Are We Sparring?

Impulse Control Self-Monitoring

Impulse control is a daily challenge for my child, with two different arenas of performance.

Public.  Private.

Sounds familiar?

In public, at taekwondo, John is sensory-averse.

He is very hesitant to strike (“tag”) another child during sparring or in the self-defense hands-on practice.

However, at home, he can become sensory-seeking, usually as a consequence of frustration.

Now we have opportunity for teachable moments.

(I say) “If you want to spar, you have to tell me”.

We then go through the purposeful ceremony to begin official sparring.

We practice the hand and foot movements, always seeking faster, faster, faster.

On the other hand, sometimes he is just frustrated.

And now we are working on his own use of re-directs for impulse control.

Can he know the difference, and can he also use his skills?

We keep the boundaries of “no hitting”.  Zero tolerance for that (link).

I say, “It’s OK to be angry.  You get to do that in the bathroom, so give yourself a time out.” (link)

And he knows (because we have practiced it over and over), that he can come out when (and only then) he chooses to be ready.

Sometimes we go in and out of the bathroom for a while.

That happens.

But he knows there is no point in trying to renegotiate.

Sometimes my teenager is in the room, and has actually said (more than once), “do you think the answer is going to change, John?”

We talk about why his self-regulation and his self-control is so very vital for his future.

May this help in your house.

Peace be with us,



“I Don’t Know, You Pick”

An Invitation to Steer My Kid's Choices

Putting new foods in his own mouth,

overcoming oral defensiveness and thus sensory acceptance,

is a big deal,

a major achievement.

Mom wanted Mexican food, but he didn’t want anything on the kid’s menu.

I asked several ways, even asked him to circle what he wanted.

He kept saying he wanted me to choose.

So I did.

Tortilla soup:  Veggies and chicken.

It’s what I eat.

And so did he.

I couldn’t believe it.

I thanked the angels.

We were sitting in the loud chaotic bar area, eating vegetable soup.

For the first time.

And, as a bonus, when we were back home and I told him it had to be a “new” movie,

He told me to choose.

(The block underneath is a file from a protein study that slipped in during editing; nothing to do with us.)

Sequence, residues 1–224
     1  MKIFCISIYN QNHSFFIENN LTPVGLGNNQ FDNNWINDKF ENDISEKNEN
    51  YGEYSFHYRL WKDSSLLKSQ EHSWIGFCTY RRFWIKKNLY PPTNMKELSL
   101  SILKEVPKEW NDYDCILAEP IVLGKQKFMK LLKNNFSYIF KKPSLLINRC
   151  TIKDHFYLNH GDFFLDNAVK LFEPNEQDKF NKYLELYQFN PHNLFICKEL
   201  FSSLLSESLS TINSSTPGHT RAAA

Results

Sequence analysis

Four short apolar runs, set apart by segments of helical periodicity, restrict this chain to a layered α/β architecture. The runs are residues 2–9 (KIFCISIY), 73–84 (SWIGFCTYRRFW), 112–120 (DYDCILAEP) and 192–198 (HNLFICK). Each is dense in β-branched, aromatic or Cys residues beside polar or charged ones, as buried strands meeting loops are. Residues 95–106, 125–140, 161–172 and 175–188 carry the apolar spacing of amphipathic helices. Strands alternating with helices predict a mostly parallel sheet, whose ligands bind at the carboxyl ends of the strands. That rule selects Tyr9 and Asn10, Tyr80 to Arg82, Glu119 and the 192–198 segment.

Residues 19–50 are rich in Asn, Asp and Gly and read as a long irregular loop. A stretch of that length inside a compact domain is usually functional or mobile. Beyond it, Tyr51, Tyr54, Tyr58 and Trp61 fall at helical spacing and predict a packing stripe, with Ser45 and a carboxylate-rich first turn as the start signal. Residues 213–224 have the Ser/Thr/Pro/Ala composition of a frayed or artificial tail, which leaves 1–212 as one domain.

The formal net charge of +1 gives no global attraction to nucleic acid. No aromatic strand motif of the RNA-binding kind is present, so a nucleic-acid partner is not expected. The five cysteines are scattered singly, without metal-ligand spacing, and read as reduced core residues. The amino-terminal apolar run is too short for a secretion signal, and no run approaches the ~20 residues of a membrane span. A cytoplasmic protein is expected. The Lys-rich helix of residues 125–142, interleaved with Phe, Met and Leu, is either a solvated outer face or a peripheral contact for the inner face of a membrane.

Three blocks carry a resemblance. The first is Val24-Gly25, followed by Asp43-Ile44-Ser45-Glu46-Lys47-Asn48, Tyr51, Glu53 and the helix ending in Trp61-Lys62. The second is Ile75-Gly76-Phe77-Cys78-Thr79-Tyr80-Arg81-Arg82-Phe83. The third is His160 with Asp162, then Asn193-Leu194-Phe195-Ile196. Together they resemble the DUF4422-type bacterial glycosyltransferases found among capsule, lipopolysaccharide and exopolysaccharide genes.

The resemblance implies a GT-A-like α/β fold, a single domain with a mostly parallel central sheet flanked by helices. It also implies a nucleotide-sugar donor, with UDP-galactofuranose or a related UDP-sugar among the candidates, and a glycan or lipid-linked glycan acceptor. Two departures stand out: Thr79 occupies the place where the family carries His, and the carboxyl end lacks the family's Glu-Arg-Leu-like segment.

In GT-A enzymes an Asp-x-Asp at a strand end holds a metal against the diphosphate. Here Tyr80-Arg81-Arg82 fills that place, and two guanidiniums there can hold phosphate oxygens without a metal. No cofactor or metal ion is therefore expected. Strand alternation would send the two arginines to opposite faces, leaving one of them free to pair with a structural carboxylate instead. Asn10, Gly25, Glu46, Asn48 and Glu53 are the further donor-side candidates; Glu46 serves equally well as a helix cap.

So I picked Mary Poppins.

Before that, Chitty Chitty Bang Bang.

Great old movies for kids and families.

So, if your child asks you to help him/her with a stretch,

give them a real stretch, the stretch of your dreams.

May this work at your house.

Peace be with us,





“Stand Like a Leader”

An X-Rays Strategy

John had to get some x-rays today.

Many of them.

Lots of “standing still”, “put your hands here”, “put your chin here”, “don’t breathe”, and “don’t move!”

Memories of your last mammogram experience?

Anyway, he decided to translate it all into the taekwondo playbook:

“Stand like a leader”

His face got all puckered up.  He stood at rigid attention.

Utter concentration.

It is glorious how dearly John treasures his time being ordered around by black-belts.

He did just great with the x-rays, generalizing the taekwondo mindset into the doctor world.

We also use piano concepts in taekwondo.

In fact, we cross-pollinate at every possible opportunity.

Maybe this can help in your world?

Peace be with us,



“Go Back And Get It”

Retrieving Left Behind Stuff

It is a simple thing to say:  make your child go back and get what they left behind,

but what if that was a risky journey?

John left a journal behind.

To retrieve it would include an elevator ride and a different floor in a big hospital.

I said I would wait for him.

He didn’t need much persuasion, as we have been practicing solo elevator rides and other-floor-journeys for some time.

We also practice shopping cart returns across busy parking lots.

We play “find Mom in the grocery store” games, in spite of Stranger Danger and fears of getting lost.

So, it turned out dandy.  John was proud of his accomplishment.

Loss of 5 minutes.

No big deal there,

given the trade-up in self-esteem and willingness to try the unknown.

Risk tolerance—practice it with our kids.

Failure or success:  both teach something.

Peace be with us,